If you're a fan of college basketball, you have a few ways to stay on top of March Madness, that weeks-long series of heart palpitations and bawled-over brackets otherwise known as the NCAA Division I Basketball Tournament.
The first stop is always television, of course. For the past eight years, we've been able to watch every single tournament game live on TV, thanks to the people at CBS and Turner Sports, who are shelling out more than $1 billion a year for the right to pummel us with endless commercials and Charles Barkley bromides.
There's the internet. (There's always the internet.) And radio. And those newspaper thingies.
But for those on the cutting edge, the early adopters, there's also this:
Virtual reality. It's real. Right now. Albeit in its own, sometimes still-clunky way.
Turner, CBS and the NCAA have teamed up again with Intel True VR to give a bunch of tournament games the VR treatment. It takes a little hardware, and an app. But it's not that difficult to do.
- You'll need a VR headset — because that's how VR works — either a Samsung Gear VR or a Google Daydream View.
- You'll need a smartphone to stick in those headsets (a high-end Samsung phone, of course, in the Gear, or one of the dozen or so high-end phones that run in the Daydream).
- You'll need the NCAA March Madness Live VR app, which you can download (free!) in the Oculus Store (for the Gear) and the Google Play store (for the Daydream).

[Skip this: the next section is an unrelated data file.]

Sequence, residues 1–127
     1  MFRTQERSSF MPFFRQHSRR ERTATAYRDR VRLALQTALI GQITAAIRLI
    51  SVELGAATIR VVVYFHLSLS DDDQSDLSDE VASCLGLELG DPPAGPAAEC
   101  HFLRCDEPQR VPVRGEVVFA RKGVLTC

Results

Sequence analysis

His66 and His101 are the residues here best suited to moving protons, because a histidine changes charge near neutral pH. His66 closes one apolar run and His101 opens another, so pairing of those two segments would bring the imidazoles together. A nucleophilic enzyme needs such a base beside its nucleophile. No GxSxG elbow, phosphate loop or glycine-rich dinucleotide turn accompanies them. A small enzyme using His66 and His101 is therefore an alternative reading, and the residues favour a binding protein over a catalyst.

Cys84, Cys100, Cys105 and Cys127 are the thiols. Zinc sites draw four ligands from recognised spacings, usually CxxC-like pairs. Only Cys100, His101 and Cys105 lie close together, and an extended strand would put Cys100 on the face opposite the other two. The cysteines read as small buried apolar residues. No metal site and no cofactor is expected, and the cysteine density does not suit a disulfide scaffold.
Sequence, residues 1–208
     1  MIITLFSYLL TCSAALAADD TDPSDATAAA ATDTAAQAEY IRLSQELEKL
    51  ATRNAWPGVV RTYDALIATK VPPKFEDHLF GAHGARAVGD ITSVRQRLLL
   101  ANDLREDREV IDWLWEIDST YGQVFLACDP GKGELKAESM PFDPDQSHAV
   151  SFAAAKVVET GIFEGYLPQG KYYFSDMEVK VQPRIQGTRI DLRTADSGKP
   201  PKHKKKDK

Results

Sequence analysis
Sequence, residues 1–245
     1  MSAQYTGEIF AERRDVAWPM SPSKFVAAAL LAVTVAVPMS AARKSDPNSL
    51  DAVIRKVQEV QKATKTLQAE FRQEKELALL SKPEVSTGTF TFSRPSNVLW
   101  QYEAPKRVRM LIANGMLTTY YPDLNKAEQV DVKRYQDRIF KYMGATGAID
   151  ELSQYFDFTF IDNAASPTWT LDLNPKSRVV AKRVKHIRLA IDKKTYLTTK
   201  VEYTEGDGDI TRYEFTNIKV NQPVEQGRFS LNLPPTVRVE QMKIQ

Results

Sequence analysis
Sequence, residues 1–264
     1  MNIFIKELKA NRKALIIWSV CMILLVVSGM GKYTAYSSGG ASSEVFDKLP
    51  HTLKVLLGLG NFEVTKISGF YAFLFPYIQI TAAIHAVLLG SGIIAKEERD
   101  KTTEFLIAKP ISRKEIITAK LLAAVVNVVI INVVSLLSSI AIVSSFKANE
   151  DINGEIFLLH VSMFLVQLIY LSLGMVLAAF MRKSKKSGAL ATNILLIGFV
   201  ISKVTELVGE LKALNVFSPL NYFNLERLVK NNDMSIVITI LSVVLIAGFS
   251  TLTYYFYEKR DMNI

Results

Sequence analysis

And, oh, yeah. You'll need money, too. The app is free to download, but games are $2.99 each, or $19.99 for the rest of the VR tournament. That includes Sweet 16, Elite 8, Final Four and National Championship.
Last year's VR technology used seven Intel pods containing 12 cameras each. The camera pods were placed under both baskets, pointed across each free throw line and along the sidelines; one higher pod covered the entire court. The result of all that technology gave VR viewers an immersive — if not exactly 360-degree — March Madness experience. Users could even choose their viewpoint from various angles (mid-court, under the basket, etc.) with their headset's controller. This year's VR experience is likely to be similar, if not better.
If you haven't used VR, it works like this: After you make sure you're connected to the internet, get the app working right, strap the bulky headset to the front of your face and pick your game, you wait for tipoff, select an angle and move your head. It's that simple.
You want to follow the players, you move your head. You want to check out the loudmouth in the second row, you stare at him or her. During a timeout, you want to watch the coach or the cheerleaders ... your choice. You want to change your viewpoint — in effect, switching VR seats — you click your controller.
You want to look at your watch? Not so easy. Your arm's not there. Again, that's how VR works.
The VR games are fully produced just for this — they're not jacked-up versions of what's on TV — and are complete with arena sounds and commentary from announcers dedicated to the VR broadcast, including Spero Dedes, Steve Smith, Rich Waltz and Steve Lavin. The games include highlights (in 2-D and VR) and recaps, too, plus behind-the-scene access, and coach and player interviews.
The end result of this still-fledgling technology may or may not be the future of sports broadcasting. With billions being spent and billions to be made, though, Turner and CBS aim to find out.